• Hodges Small Cap Fund ­(HDPSX) is a “contrarian” fund that seeks out small companies whose potential is underappreciated by most analysts and investors. Examples include Cracker Barrel Old Country Store and Spirit Airlines. The companies tend to have strong catalysts, such as opportunities for expansion, that could sharply push up their stock prices in the next 12 to 18 months. Performance: 29.4%. HodgesFund.com

SINGLE SECTOR/Country

A fund that focuses on a single sector or country can be very volatile but can pay off big. Certain biotechnology funds—especially those that invest in companies that use biological substances such as enzymes and proteins from living cells as components to create new medications—are especially attractive now.

  • Janus Global Life Sciences ­(JAGLX) invests in almost all of the largest biotech companies. But it also tempers risk by keeping one-third of the portfolio in slower-growth, more stable health-care companies. The fund invests about 17% of its assets overseas, which gives it access to undervalued biotechs that many investors don’t know about. Performance: 22.1%. Janus.com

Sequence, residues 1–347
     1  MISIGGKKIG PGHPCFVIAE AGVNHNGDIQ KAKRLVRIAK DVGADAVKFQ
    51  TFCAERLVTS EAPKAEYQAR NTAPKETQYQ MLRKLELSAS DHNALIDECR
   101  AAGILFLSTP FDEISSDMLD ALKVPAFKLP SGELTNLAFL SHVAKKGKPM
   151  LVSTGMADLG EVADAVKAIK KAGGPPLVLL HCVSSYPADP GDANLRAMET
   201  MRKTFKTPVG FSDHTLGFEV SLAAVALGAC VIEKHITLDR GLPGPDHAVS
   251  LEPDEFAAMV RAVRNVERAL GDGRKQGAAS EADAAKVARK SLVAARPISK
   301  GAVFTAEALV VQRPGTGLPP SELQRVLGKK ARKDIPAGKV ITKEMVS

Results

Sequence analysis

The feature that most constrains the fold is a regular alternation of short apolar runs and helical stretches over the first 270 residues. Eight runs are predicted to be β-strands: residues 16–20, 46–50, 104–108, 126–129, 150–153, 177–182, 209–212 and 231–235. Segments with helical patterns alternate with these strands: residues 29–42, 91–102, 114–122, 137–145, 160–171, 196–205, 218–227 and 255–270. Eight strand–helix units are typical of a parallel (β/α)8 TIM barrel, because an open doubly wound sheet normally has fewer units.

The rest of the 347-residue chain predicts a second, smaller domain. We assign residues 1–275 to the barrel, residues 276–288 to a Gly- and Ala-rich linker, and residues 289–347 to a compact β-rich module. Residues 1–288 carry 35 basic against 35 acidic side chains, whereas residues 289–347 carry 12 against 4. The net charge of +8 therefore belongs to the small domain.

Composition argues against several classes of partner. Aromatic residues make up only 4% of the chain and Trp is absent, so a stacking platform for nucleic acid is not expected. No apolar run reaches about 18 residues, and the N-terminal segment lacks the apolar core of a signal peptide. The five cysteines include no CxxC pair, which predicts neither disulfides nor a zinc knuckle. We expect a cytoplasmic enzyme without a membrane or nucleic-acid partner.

• PowerShares Golden Dragon China ETF (PGJ). Funds that invest in shares of Chinese companies catering to that nation’s consumer market are attractive now. That’s because the Chinese government is in the midst of a massive economic transformation that shifts the focus from exporting to building a stronger consumer economy and a more advanced technology sector. This ETF tracks the performance of about 70 fast-growing technology and consumer-oriented Chinese stocks. The fund has soared 53.4% this year versus a loss of 5.9% for the broader iShares China Large-Cap ETF (FXI). Performance: 19.5%. InvescoPowerShares.com